My favorite part of the film underscores how tax dollars can be misallocated to turn agents of the law against the very citizens that they’re meant to protect. You see the director herself, stopped by security guards for trying to deliver food to one of the tree-sitters. He says she can’t go any further. She then asks if the security guards would deliver the food to the bottom of the tree for her. She smiles and interacts with the sweetest politeness, though inside she was probably seething. They say “we’ll hold it here and he can come down and get it” implying that they’ll use it as a lure to arrest her friend. When she asks why she can’t go herself one of them says “this is private property” to which she corrects them: “no it is not, sir.” The land is actually public property, or at least it was. When she asks him to repeat his claim that the land is private on camera, he simply repeats “No comment.”

The film is a touching and sad portrayal of a truth that is only starting to take hold in the minds of most youth, whose children won't see what they saw of life and nature. The small group of us viewers sat in chairs set up on the concrete, longing for the grass we know exists somewhere in the real world. People walked by curious as to what the impassioned speakers on the screen were talking about. We ate free popcorn and drank hot chocolate and there were occasional hoots and hollers from the people as they identified with the views of those featured.

The protesters discuss what they felt to be a betrayal by the agents of the law, as they are arrested and removed for standing up against what they see to be the real crime. In a discussion, one of the native speakers explains how politicians and legislators use words such as “justice”. He says it’s “justice” but they are “dividing the word.” In terms of how they want to compromise over agreements that offer freedom and sustainability, for them it’s “just us.” And you want to talk about “democracy”?? What is democracy: “dem are crazy!!” The man cites countless examples of land claims that are simply ignored because of the bullheaded attitudes of politicians who, despite over 40 years of research showing the highway project to be damaging both environmentally and economically, choose to go through with it anyway.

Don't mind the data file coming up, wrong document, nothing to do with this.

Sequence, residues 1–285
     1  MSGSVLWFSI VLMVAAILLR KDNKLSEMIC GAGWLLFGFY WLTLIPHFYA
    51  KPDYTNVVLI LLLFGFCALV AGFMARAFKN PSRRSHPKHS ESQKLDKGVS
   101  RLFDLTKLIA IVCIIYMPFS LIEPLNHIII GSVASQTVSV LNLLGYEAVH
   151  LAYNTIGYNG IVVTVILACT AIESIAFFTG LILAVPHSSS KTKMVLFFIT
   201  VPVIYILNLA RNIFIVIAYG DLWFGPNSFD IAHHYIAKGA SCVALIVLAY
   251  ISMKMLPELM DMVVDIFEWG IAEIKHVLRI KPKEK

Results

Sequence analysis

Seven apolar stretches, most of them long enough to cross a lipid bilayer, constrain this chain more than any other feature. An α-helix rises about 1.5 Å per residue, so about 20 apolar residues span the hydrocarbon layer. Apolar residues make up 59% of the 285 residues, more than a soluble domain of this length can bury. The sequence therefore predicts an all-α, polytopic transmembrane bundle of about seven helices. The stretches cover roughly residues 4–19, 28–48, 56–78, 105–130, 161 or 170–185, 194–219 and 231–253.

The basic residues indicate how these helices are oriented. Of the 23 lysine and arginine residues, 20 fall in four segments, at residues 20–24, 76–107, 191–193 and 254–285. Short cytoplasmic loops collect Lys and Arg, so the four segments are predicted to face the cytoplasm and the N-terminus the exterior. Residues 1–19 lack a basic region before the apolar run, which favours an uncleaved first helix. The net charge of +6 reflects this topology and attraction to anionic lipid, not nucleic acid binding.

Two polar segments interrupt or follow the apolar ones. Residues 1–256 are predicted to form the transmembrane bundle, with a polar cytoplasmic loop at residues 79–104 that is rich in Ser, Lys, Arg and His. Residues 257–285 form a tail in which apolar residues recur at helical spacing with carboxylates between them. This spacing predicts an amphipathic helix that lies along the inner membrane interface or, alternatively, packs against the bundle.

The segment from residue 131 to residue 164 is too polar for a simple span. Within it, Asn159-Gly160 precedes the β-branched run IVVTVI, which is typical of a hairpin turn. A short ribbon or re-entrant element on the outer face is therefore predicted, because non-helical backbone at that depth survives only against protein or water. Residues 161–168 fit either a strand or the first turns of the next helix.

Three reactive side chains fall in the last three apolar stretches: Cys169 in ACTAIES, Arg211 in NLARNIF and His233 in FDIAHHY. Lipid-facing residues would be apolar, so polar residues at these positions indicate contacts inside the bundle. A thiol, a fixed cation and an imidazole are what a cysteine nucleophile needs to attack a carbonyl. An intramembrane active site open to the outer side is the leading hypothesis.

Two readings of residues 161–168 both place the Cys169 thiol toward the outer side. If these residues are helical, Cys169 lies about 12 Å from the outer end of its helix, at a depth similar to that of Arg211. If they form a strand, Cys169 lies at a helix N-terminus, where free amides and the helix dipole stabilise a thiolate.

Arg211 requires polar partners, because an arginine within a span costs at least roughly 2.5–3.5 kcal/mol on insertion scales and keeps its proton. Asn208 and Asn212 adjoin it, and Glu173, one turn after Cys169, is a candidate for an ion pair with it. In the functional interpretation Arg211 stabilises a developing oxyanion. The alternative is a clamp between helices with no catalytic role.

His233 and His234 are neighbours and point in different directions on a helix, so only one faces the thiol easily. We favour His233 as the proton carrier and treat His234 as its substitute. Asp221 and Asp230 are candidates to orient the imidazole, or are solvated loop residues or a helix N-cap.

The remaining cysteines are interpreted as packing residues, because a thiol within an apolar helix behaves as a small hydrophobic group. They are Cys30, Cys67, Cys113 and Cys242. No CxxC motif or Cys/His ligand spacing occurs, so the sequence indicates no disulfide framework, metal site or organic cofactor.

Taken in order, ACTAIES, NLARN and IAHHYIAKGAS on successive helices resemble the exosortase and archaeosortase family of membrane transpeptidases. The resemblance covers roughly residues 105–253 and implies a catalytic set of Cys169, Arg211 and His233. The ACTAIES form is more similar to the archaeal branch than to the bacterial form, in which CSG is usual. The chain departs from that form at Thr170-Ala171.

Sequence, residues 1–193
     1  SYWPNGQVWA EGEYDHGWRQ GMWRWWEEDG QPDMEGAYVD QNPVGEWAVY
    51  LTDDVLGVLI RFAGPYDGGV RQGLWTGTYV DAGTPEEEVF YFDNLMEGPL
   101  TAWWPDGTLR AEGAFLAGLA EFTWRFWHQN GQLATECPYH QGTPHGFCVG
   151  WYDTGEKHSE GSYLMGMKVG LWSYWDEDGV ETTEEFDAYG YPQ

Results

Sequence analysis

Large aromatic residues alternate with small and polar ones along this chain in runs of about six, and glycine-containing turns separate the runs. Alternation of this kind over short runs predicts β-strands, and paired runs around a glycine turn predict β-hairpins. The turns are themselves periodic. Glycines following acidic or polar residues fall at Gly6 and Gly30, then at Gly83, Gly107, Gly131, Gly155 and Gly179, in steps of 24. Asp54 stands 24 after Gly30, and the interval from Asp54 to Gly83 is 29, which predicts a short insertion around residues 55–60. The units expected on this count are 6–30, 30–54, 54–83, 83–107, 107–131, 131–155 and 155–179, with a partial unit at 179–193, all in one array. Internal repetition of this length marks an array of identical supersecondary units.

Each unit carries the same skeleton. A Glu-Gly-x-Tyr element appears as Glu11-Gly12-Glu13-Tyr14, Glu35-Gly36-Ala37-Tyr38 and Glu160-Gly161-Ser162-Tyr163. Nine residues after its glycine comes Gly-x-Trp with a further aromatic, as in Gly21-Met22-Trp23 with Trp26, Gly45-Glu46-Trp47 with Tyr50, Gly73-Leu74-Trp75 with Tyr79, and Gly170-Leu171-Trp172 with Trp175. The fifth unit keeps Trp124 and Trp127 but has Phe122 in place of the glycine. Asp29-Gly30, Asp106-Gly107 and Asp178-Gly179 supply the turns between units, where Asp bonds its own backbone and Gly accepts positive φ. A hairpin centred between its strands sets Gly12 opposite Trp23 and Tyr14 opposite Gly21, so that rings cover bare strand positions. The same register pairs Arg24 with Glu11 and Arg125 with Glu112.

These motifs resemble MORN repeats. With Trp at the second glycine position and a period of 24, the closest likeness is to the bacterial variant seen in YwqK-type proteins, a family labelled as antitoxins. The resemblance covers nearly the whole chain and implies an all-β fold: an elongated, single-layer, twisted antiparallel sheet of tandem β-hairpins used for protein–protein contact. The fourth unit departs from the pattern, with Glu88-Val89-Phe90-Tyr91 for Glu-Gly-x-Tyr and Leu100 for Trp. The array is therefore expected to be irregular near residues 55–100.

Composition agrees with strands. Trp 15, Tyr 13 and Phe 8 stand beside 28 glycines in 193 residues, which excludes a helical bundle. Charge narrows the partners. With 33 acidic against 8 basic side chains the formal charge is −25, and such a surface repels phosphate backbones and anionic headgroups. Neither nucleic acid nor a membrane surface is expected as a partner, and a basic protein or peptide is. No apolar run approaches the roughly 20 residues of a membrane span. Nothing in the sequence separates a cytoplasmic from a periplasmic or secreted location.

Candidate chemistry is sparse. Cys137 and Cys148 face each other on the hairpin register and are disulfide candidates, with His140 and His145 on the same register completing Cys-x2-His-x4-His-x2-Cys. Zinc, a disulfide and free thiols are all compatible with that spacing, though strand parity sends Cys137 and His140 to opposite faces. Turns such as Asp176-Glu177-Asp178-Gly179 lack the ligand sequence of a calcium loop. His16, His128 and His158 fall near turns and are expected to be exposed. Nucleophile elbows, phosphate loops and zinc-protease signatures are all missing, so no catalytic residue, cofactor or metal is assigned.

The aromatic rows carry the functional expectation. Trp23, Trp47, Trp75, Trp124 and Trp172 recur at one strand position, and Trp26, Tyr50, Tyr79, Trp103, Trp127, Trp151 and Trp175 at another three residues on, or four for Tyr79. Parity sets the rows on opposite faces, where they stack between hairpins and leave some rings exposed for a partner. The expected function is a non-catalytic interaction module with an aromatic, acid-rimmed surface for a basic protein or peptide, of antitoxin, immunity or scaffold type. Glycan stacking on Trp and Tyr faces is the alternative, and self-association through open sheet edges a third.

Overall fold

That this park was home to 600 different plant species, 25 mammal species including fox, deer, mink and southern flying squirrel, 24 species of fish, that it runs all the way from the Niagara escarpment to Lake Ontario and that many residents were unaware of its existence before the highway was proposed is a shameful example of how we neglect our natural environment until it is eaten up by urban sprawl. Despite the fact that it is supposedly part of the Niagara Escarpment Biosphere Reserve, huge sections of the escarpment were literally blown out of the ground to make way for the highway, sections of the creek were rerouted, the Bruce Trail was rearranged, a PCB landfill site was re-opened, ancient native burial grounds were disturbed. As a result, a lung in the middle of a city notorious for its steel mill and its air pollution has basically been removed.

Maia Iotzova was present after the screening to answer questions from the audience and encourage us to find out more by joining Friends of Red Hill Valley. As a Fine Arts graduate from the University of Guelph she applied some of her cinematography skills along with several others to make this documentary. It wasn’t entirely intentional but after gathering so much footage of the event and experiencing something that she suggests was important but very “difficult” she managed to put together something that was very moving on a shoestring budget. She also learned the importance of not giving up. In person she seems very concerned, caring and determined. How terrible it is that something like this could happen! Even though those involved didn’t stop the expressway from going through, all the heartache was worth it because it is something that they did, and still believe in. As one fire-keeper in the film said, to stand by and just let something like that happen would be “just wrong.”